Following its St Petersburg première on 15th September 1782, the opera was widely taken up throughout Europe, with translations into French and German adding to its exposure and runaway success. In Vienna it found especial favour, receiving almost 100 performances between 1783 and 1804; in London where it played more sporadically between 1789 and 1808, the critics were often lukewarm, although when Rossini’s version appeared there in 1818 they rallied to Paisiello’s defence and accused Rossini of ‘impudence’. The formidable critic Leigh Hunt, writing in The Examiner, praised the older composer’s superiority:

‘Paisiello’s compositions are especial instances of this power of expression. His melodies are exquisitely graceful, touching, and original; and his recitatives always appear to us as so extremely to the purpose, as to be superior even to those of Mozart’.

Much the same response had of occurred in Rome in 1816 and it is well-known how the diehard supporters of Paisiello, then in his 76th and, as it turned out, final year, packed out the Teatro Argentina on 20th February to disrupt the première of Rossini’s presumptuous makeover. Indeed Rossini was well aware of his rashness in taking up an iconic plot. Much later, in 1860, he claimed that he had written to Paisiello to ask for his blessing and that this had been readily granted, but the correspondence, if it ever existed, has not survived. He attempted to demonstrate his tact by entitling his version Almaviva, ossia L’inutile precauzione and he prefaced his libretto with a ‘Notice to the Public’ praising Paisiello’s mastery and presenting his own version as a homage:

‘Called to take on the very same difficult task, signor maestro Gioacchino Rossini, so as not to incur the bad reputation of a foolhardy rivalry with the immortal composer who has preceded him, has specifically asked that Il barbiere de Siviglia should be entirely reversified, and that there should be added to it several new situations of musical pieces which were called for by modern theatrical taste.’

Many of these ‘new situations’ including the opening scene and the brilliant dénouement of the first act were master-strokes, and quickly served to displace the older version from its previously unassailable pinnacle. Nevertheless for some years, comparisons continued to intrigue: the Théâtre-Italien in Paris presented both versions in 1819, and at Covent Garden a year earlier an extraordinary synthesis combined passages from both the Italian operas with new music by Henry Bishop – The Times reported ‘we have seldom enjoyed a higher musical treat at an English theatre’. (Such a pastiche was of course not new, and Lorenzo da Ponte himself had presented an amalgamation of Gazzaniga’s and Mozart’s Don Giovanni at the King’s Theatre, Haymarket).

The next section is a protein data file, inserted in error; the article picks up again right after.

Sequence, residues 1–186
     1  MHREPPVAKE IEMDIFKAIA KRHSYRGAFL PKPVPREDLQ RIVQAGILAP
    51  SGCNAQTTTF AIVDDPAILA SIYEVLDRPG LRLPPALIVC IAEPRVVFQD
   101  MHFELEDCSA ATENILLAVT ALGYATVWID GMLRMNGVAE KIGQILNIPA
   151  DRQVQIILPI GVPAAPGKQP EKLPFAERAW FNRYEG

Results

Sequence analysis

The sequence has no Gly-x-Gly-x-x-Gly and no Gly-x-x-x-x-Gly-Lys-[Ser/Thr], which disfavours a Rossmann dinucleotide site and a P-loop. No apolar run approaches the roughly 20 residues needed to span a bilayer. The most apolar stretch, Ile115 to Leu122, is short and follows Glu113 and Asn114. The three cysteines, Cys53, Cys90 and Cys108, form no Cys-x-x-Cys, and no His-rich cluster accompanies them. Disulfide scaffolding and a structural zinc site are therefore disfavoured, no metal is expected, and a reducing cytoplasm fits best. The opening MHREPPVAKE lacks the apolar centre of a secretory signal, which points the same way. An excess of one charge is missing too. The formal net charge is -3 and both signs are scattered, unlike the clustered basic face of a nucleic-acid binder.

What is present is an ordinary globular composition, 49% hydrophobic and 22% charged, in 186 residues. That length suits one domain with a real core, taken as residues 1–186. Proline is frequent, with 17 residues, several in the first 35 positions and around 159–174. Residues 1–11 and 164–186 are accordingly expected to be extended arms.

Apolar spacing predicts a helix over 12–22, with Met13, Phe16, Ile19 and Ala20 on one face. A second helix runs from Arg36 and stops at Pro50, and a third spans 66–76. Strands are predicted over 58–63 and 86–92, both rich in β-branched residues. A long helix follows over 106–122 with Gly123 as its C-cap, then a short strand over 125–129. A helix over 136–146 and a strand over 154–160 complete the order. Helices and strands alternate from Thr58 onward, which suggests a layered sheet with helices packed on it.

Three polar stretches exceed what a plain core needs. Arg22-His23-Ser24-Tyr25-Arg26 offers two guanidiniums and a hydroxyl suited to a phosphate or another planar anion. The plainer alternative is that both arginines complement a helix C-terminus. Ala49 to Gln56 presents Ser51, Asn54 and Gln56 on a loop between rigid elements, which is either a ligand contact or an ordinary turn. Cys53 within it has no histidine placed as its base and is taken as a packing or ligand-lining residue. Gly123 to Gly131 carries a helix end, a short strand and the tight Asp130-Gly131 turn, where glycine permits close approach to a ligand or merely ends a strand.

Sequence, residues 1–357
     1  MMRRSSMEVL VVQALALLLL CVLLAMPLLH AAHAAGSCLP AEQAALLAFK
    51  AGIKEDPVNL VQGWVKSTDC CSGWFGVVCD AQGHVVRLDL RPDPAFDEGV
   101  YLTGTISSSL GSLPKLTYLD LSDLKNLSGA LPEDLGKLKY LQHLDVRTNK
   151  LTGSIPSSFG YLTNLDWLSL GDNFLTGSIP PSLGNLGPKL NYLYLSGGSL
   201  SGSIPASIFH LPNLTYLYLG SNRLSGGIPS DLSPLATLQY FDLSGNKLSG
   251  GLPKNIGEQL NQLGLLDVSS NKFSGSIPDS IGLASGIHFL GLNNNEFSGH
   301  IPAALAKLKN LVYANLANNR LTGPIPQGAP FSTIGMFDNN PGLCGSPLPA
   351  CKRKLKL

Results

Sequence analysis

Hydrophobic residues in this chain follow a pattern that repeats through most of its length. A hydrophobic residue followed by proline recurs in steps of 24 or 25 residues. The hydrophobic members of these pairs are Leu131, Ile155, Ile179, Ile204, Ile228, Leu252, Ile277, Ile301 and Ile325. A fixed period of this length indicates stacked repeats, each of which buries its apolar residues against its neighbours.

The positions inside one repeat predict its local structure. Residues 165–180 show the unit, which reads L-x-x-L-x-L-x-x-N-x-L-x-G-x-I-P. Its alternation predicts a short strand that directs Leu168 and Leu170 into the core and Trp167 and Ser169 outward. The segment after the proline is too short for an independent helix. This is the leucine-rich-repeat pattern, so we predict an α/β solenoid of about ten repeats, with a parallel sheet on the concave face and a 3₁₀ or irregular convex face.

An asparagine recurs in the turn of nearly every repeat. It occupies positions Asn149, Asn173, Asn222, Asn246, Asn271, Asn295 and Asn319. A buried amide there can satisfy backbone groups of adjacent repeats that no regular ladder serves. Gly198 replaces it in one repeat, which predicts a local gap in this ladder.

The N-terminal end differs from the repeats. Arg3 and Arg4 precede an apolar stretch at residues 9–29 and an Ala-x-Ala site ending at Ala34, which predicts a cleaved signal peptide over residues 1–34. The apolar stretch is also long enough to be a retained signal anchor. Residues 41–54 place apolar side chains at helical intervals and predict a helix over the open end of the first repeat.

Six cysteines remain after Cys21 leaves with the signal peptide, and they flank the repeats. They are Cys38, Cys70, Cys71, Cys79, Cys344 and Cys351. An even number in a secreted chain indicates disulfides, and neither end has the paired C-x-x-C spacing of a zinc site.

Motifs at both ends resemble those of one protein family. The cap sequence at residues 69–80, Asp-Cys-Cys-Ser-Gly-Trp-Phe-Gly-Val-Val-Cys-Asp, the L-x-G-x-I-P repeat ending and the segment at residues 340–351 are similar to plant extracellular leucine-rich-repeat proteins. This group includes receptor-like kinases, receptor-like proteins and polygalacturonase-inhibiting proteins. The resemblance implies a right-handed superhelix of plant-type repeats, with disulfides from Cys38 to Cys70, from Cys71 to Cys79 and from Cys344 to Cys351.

But it is unfair to judge Paisiello’s work entirely through later tastes and developments. In its own right, his Barber is an outstanding example of comic opera, cogent and effective in its narrative and humour. Typical are the extensive and spacious orchestral introductions to the arias, establishing colour and mood. Frequently it is the orchestra which continues to maintain the melodies, against which the vocal line may be treated with considerable simplicity and even at times reduced to a virtually monotone parlante, an important technique often attributed to Paisiello’s invention. His tight, compressed rhythmic patterns may create a certain relentlessness, but this drive is wholly appropriate to the focus and direction of Beaumarchais’ plot. Figaro’s introductory aria, cast in the ‘catalogue’ genre of opera buffa, brilliantly expresses his mounting enthusiasm and confidence: melodically it may be negligible, but the key structure and orchestral figurations create a breathtaking élan. Paisiello’s excels in the comic timing of the extended Act II quintet, ‘Don Basilio’, which hilariously interrupts Rosina’s music lesson, and Paisiello cleverly keeps the voices consecutive and never concurrent, until everyone gangs up to dismiss the music-master back to his sickbed. The robustly absurd trio in which the raging Bartolo attempts to interrogate his servants who, thanks to Figaro’s potions, can only respond with yawns and sneezes, is one of the funniest in all classical opera, and Rossini was wise to make no attempt to recreate this particular scene.

David Kimbell, in his weighty Italian Opera, concludes that in Paisiello ‘word and tone fit like hand and glove; but never does the aptness of the music to text or situation result in obtrusive “illustration” or in any abuse of what is natural in musical terms.’ It was this skilful decorum which must have impressed Mozart when he heard it in Vienna and led him to set Beaumarchais’ sequel, Le mariage de Figaro, in 1786 (and also to compose in 1789 the breathtaking German insertion aria for The Barber, Schon lacht der holder Frühling, intended for Josepha Hofer, and which is included in tonight’s performance). Few other operas have borne such a miraculous progeny.

Jeremy Gray